Nor is the Rodney King argument for reconciliation -- "Can't we all just get alone?" -- of any avail. The answer would be "Not only 'No', but 'Hell no'." Given the psychology of the 16th and 17th centuries, being honestly mistaken was not an option.  Jesus Himself said that weeds would be sown in the great Wheatfield, that the wheat and weeds would grow up together, and that, in the Eschaton, the weeds would be cast into the fire. Hence what is quite arguably the foundational contradiction of the Protestant Reformation:  to (1) virtually guarantee the proliferation of systems of religious doctrine via the twin principles of sola fidei and sola scriptura, while simultaneously (2) ensuring, via the repudiation of the Magisterium, that there would be no way to ascertain whose system of doctrine -- of which there could only be one -- was right and whose was wrong. If you understand only one thing about the Protestant Reformation, perhaps the most important single thing to understand is simply this:  in the 16th and 17th centuries, to Protestants and Catholics, religious doctrine actually mattered. What religious doctrines you believed mattered at least as much as whether you swallow aspirin or arsenic, i.e., a matter of life and death. The value we place on "diversity" is a product of the European, especially English, Enlightenment of the 18th century. What we call "healthy diversity" the Reformation called "heresy".

That  is why I insist that the Reformation is worth celebrating, if at all, only in the most cautious, nuanced, and highly qualified way.  And that conclusion remains, regardless of anyone’s judgment about who was “right” and who was “wrong” doctrinally. To quote my grand-father again, “I ain’t got no dawg in ‘at ‘ere fight”. Or, to quote the mortally wounded Mercutio in Romeo and Juliet, A plague on both your houses.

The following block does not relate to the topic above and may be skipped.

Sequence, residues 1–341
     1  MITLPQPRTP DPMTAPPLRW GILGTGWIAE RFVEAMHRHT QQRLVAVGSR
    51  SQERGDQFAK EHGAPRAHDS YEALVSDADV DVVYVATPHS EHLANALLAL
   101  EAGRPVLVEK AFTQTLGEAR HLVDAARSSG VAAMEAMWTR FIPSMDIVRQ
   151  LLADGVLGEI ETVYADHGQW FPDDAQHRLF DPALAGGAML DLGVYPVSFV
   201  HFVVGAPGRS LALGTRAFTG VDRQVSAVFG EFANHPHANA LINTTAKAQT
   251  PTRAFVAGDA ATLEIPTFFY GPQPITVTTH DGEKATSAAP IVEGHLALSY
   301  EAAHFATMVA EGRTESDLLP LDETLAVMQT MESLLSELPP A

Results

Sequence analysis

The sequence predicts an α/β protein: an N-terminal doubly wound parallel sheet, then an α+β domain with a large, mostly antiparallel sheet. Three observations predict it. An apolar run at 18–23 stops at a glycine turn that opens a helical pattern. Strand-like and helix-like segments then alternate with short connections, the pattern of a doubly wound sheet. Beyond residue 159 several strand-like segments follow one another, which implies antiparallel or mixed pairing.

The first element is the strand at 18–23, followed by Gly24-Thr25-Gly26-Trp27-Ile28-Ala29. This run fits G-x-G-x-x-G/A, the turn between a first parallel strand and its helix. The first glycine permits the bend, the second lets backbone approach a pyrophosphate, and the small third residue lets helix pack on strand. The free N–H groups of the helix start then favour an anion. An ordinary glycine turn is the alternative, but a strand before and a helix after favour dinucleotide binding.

So why and how did the warring parties finally settle the internecine dispute? Why is Europe not still being ravaged by sectarian warfare? Two-part answer:  (1) in places it is, e.g., the Balkan War, northern Ireland, et al.; (2) see Part II next week.

James R. Cowles

Image creditsv

Statue of Martin Luther ... Artist unknown ... Public domain
Diet of Worms ... Anton von Werner, 1877 ... Public domain
John Calvin ... Attributed to Hans Holbein ... Public domain
Scene from Thirty Years' War ... Pieter Meulener (1602 - 1654) ... Public domain
Portrait of Oliver Cromwell ... Caspar de Crayer (1582–1669) ... Public domain
Five "Solas" ... Andrew Comings ... CC BY 2.0
Romans in German blackletter ... Hofmann Collection, Baltimore ... CC by SA 3.0